It’s helped out by its fast pace, visually great action sequences and laugh-out-loud comedy. The comedy is astounding for the children, and it’s thoroughly enjoyable for older audiences. Everyone can really relate to this, as we as children would check under our beds before we sleep or ask our parents to inspect the closet for bogeymen (heck, I even look under my bed now from time to time – and I don’t even have a closet door any longer).

It is fairly surprising that one can so easily relate to this feature, as it is a simply refreshing and brilliant story about monsters who are terrified of little children, and vice versa. It also brings much truth to the “They’re more afraid of you than you are of them.” That is especially true for one monster, George, one who constantly gets mauled by the Child Detection Agency.

The story is great and it’s an overall splendid feature, but the real charm is in the voice performances. Goodman and Crystal convince us that they might as well have been friends for life, and the other chemistry is fine. Everyone involved does a great job, especially Mary Gibbs who voices Boo, and I’m pretty sure the only coherent word of English she utters is “Kitty,” the nickname she assigns to Sully. She is also a young girl who, unexpectedly, changes the factory and the hearts of a few select monsters for the better. You know, There are more powerful things that the sound of children screaming.

In a nutshell: Monsters,  Inc. is one of the most original animated features to see the light of day, and it is one of Pixar’s best. It is really a treat to be given the opportunity to see this in theatres again, and just a few months before the much-anticipated prequel.

100/100

Rise of the Guardians (2012)

Rise of the Guardians

Release Date: November 21, 2012

Director: Peter Ramsey

Stars (voices): Hugh Jackman, Alec Baldwin, Isla Fisher

Runtime: 97 min

Tagline: Legends Unite.

Wait a minute, wait a minute! Who’s Jack Frost, again…? Is he that one guy that’s always nipping at everyone’s noses?

When a forgotten bogeyman from the Dark Ages called Pitch launches an assault of fear on earth, the Immortal Guardians are all called to fight off against him to maintain the innocence of children all over the world.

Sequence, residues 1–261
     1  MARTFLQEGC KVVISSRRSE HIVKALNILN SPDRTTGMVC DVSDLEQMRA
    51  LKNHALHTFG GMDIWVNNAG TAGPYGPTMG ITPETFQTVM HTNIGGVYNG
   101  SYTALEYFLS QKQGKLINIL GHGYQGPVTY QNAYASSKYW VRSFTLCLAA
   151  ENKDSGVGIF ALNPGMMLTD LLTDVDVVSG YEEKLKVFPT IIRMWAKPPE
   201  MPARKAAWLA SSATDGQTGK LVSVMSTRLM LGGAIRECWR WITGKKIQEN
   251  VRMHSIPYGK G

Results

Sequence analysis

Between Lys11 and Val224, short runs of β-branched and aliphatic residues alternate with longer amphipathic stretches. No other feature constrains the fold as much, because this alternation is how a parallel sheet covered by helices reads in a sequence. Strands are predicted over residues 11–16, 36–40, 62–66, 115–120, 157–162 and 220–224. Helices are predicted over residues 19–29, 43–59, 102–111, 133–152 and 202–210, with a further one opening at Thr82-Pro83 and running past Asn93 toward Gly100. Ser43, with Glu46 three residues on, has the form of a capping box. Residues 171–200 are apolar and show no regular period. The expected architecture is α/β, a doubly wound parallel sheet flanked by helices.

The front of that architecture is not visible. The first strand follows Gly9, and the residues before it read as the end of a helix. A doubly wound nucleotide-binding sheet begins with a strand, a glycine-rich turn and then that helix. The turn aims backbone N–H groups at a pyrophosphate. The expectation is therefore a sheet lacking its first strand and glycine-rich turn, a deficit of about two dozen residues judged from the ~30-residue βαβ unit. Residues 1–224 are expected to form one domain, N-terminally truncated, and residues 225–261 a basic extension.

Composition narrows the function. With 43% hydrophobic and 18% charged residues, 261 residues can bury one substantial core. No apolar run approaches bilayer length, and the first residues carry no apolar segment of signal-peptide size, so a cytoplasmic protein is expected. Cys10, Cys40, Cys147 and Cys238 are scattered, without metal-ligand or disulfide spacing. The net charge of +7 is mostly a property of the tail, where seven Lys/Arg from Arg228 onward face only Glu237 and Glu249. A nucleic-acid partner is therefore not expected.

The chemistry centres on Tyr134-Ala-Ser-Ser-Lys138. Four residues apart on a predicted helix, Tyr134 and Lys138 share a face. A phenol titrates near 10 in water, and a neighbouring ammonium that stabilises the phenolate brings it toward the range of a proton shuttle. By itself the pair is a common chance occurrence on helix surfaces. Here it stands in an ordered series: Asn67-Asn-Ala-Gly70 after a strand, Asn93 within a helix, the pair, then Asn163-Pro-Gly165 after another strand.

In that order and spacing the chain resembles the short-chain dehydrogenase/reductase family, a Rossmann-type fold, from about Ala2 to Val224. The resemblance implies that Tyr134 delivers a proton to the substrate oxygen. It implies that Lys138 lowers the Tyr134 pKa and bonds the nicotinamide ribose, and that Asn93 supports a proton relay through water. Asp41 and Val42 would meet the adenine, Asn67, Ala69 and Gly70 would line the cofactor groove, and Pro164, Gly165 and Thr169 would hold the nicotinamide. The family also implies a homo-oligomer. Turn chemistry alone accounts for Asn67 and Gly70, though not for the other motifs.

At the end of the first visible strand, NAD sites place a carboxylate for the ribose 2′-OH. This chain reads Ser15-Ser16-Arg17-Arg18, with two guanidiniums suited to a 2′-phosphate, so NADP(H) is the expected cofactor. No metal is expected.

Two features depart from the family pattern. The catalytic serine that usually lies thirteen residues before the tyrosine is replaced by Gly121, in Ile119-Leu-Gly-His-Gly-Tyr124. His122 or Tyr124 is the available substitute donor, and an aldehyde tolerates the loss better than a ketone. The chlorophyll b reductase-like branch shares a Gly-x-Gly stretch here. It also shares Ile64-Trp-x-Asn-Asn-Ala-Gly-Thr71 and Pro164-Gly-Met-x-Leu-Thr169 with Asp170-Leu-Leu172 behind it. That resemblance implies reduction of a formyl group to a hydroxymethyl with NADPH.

The beginning feels sort of like one student in high school is trying to write a report, but they’re having trouble organizing their thoughts. That being said, the beginning is an introduction to the characters which feels a bit disorganized. Though, after a small amount of time, it finds its pace and the story just gets better and better.
This is a great time of year to try to build up the spirits of children everywhere. This is brilliant because this time around, it is not all about Ole’ Saint Nicolas. Everyone gets their chance to shine in this. The Guardians are just great, and they give all the figures, that children believe in, the chance to show their flares.

There’s of course Santa Claus, but this time around he has a funky Russian-esque accent offered by the voicework of Alec Baldwin. He is pretty traditional looking, but he also seems pretty edgy because of his ‘Naughty’ and ‘Nice’ tattoos on his forearms. He offers some insight onto who’s actually making the toys at the North Pole. Apparently, it’s a bunch of Yeti’s, they only make the pointy-hatted elves think they’re making the toys. Who knew?

There’s also the Easter Bunny. Hop was the last Easter-themed flick, but the Guardians‘ Bunny makes the little Easter Bunny from Hop look very ordinary. Here, Hugh Jackman offers some great voicework to this character, and in the process he makes him Australian. He’s a six foot-two Easter Bunny that has a sweet boomarang, that makes him feel like he just stepped out of a video game.